On Wednesday, General Motors delivered a welcome piece of news. Honda will invest $2.75 billion into GM’s Cruise Automation subsidiary and partner with the U.S. automaker to build a self-driving car and work out logistics for networks of autonomous vehicles.
Bloomberg reported Wednesday that Honda had no comment on what caused its dramatic shift from Waymo to GM Cruise, but analysts believe the Japanese automaker likely felt more comfortable teaming up with GM. Honda and GM have a rather close partnership already: the two established a joint venture for hydrogen fuel cell production and partnered to develop next-generation electric-car batteries.
“It’s a big vote of confidence in General Motors and Cruise and their technology,” said Mike Ramsey, auto analyst for researcher Gartner Inc. “Every major car company is working on this technology. This really seems to separate GM and Google from the pack.”
Analysts believe Honda may have chosen GM over Honda for a more important reason: Google’s reputation. Waymo is still owned by Google’s parent company, Alphabet, and the company’s subsidiaries have a record for acting like a competitor with partners. The report cites Google’s Android operating system as an example. Smartphone companies receive the operating system for free, but Google reaps the profitability of the pre-installed software, which leaves smartphone companies left to thinner profit margins.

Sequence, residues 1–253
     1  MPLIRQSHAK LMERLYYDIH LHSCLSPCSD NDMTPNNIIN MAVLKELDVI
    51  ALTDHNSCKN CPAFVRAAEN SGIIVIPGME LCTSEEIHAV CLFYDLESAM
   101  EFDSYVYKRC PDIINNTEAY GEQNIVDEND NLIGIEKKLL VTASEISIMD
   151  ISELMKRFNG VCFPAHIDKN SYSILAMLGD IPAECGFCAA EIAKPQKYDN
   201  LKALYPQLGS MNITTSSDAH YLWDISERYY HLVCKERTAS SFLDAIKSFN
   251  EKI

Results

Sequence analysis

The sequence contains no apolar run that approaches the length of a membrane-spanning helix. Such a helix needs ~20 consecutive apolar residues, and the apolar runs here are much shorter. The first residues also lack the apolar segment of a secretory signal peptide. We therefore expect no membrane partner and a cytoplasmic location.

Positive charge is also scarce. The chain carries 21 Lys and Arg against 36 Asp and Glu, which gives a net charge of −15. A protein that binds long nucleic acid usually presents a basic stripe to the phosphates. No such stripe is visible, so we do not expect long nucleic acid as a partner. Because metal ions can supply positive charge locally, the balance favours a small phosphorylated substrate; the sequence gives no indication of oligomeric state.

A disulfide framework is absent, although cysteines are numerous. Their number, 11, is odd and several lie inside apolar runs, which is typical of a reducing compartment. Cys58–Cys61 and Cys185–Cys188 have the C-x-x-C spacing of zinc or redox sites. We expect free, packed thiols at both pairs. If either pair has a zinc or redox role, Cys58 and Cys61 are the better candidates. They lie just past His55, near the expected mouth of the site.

Analysts said automakers may not want to be on the losing side of the battle should Waymo try to control too much in a partnership. Ramsey added Google can be very difficult to work with because “they want everything” and Honda may have felt like a “junior position” to them.
GM’s language in the announcement appears more collaborative, specifically when it comes to developing a future self-driving car. Neither automaker knows what kind of car they will build, but it won’t be the same as the current Chevrolet Bolt EV-based prototypes testing. The partnership also does not affect GM’s timeline to launch a ride-sharing service with self-driving cars sometime next year.